However, my criticisms (encompassing the lack of editorial supervision and guidance that result in spelling and punctuation errors, as well as a lack of literary finesse) do not preclude my admiration for his enthusiasm and purpose. Of course, Atkey is enlightening on various topics with a Broadway connection—such as why The King and I, while a landmark in musical theatre, is a travesty as a representation of history; how Grease turned from an ensemble piece into a romance about Sandy and Danny; how The Sound of Music radically altered the facts about Maria von Trapp; and how The Drowsy Chaperone, a modest little offbeat Canadian musical morphed into a big Broadway hit. But these sections are but part of an overall structure aimed beyond Broadway. A Million Miles from Broadway is not for scholars or academics; it is for musical theatre fans (which is to say Broadway enthusiasts), those who should know something of international musical theatre. In this regard, Atkey does yeoman service. Beyond offering evidence that disputes other critics’ complaints about the “emptiness” in French musical theatre, Atkey is particularly informative about musical theatre in South Africa, Latin America, Australia, and Asia, introducing us to many shows and creative figures who are undoubtedly unfamiliar to most readers. And there are interesting tidbits, such as the absence of any great Irish musical; why Evita has never been staged professionally in Buenos Aires; how Argentina suffered a loss of artistic momentum under Fascism; why Sarafina! was heavily criticized in South Africa; how musicals are big business in Korea in Japan; or how Singaporean librettists are able to escape censorship.

Atkey’s agenda is pointed. It is aimed squarely at the middle-aged “dinosaurs” in universities and the theatre profession who keep resisting change and evolution in the arts and who think of musical theatre as being rather frivolous or empty in contrast, no doubt, to the mediocre documentary plays or tarted-up soap operas they so frequently present with generous arts funding. As a Canadian, he is on firm ground, for I cannot think of a first-rate or even second-rate Canadian university that offers a specialist’s degree in musical theatre. In fact, most artistic directors (certainly in Toronto, the mausoleum of nationalist theatre) cringe at the very mention of musical theatre, thereby showing themselves to be out of step, artistically and commercially, with one of the greatest art forms of their profession. I have to date produced six production histories of classic Broadway musicals—many of which have won accolades from American scholars and theatre professionals (including Hal Prince, whose international reputation far exceeds that of any Canadian’s)—but only two or three of these books have ever earned serious reviews in my country. So I appreciate the mountain of indifference and ignorance that stands in the way of anyone attempting to create Canadian musical theatre or advance Canadian musical theatre scholarship. While Canada is still deciding what it is culturally, the rest of the civilized world—especially Asia—is miles ahead of us in musical theatre. The Shaw Festival, under Jackie Maxwell, is a valuable exception to the rule—with interesting, though flawed, new work by Jay Turvey and Morwyn Brebner in particular, but generally speaking, Canadian fans of musical theatre can draw little musical theatre inspiration or exhilaration from their national librettists and composers. I, therefore, salute Atkey for this book that attempt to open eyes and minds in Canada and elsewhere to one of the greatest art-forms in theatre.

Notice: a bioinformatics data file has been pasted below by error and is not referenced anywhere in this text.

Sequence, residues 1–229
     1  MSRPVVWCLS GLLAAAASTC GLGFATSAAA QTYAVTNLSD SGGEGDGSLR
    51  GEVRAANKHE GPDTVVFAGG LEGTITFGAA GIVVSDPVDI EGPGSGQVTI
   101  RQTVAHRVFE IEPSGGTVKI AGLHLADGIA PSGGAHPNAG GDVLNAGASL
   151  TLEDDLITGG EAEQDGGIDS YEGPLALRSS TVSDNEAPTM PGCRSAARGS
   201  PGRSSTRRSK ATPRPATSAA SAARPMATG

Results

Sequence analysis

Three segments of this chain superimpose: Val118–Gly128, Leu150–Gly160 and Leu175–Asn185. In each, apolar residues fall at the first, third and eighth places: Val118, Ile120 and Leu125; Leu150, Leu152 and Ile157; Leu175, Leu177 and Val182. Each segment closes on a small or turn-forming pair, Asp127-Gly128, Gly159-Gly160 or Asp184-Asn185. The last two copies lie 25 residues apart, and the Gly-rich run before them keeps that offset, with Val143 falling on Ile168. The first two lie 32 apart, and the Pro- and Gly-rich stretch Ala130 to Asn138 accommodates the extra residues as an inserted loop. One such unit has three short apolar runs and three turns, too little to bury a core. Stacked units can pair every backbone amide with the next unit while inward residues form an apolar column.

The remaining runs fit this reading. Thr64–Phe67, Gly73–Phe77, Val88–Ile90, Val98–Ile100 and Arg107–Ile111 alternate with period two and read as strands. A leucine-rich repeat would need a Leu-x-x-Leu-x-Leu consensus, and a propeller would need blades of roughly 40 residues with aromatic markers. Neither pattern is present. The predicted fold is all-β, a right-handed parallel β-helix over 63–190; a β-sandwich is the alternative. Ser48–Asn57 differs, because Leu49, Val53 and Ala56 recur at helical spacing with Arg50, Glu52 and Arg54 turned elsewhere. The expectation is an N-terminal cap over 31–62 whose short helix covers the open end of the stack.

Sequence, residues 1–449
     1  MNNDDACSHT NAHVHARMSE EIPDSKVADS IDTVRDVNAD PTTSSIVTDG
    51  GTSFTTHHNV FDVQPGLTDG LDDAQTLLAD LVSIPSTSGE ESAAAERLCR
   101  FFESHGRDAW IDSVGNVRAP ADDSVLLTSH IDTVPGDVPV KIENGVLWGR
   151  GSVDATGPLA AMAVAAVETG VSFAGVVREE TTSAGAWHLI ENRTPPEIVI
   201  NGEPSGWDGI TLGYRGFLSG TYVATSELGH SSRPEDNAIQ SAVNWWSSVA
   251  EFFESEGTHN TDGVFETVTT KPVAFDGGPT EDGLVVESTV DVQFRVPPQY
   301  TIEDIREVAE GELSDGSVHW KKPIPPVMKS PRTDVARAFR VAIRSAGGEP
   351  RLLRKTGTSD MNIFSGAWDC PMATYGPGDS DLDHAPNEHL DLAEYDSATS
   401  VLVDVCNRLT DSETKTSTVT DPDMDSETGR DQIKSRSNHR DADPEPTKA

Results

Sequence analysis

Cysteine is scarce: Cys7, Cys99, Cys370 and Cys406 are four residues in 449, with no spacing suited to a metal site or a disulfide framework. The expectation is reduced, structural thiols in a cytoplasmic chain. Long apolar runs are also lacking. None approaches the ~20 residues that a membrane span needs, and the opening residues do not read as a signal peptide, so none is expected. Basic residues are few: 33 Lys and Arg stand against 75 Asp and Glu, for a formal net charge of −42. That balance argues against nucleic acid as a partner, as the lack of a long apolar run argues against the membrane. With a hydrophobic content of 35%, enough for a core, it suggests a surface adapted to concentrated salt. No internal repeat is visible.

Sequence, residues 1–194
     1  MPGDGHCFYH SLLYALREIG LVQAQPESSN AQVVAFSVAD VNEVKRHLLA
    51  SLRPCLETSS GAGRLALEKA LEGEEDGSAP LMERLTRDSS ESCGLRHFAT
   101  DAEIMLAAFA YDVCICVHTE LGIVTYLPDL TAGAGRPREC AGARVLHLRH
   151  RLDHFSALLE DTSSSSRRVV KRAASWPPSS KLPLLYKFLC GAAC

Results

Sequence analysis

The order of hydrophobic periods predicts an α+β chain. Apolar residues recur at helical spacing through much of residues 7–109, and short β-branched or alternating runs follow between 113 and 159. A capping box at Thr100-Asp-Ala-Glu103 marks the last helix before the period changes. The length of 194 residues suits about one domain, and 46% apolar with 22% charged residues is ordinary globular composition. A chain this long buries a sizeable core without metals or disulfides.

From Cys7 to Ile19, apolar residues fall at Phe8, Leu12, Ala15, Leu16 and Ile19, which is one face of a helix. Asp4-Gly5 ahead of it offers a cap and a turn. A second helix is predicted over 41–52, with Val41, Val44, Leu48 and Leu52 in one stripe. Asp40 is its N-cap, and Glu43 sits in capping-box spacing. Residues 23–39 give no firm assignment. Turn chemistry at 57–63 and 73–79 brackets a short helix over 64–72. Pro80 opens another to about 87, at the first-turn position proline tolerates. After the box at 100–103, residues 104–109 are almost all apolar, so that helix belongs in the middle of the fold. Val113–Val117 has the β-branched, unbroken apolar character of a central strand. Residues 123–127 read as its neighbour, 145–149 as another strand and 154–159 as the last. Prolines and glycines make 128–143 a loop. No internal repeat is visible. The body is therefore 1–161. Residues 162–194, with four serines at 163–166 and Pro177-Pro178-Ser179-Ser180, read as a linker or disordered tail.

Tuesday, 4 December 2012

I just received this message from Dick Lee, Singapore's pre-eminent musical writer:
"Congratulations on your new book, which I just read, and thoroughly enjoyed. The passion and dedication you tirelessly put into it has resulted in an engaging and informative account on the state of musicals in the world. I am proud to have been included!";jsessionid=616AF3A28A1E7B3CFE1F233160226099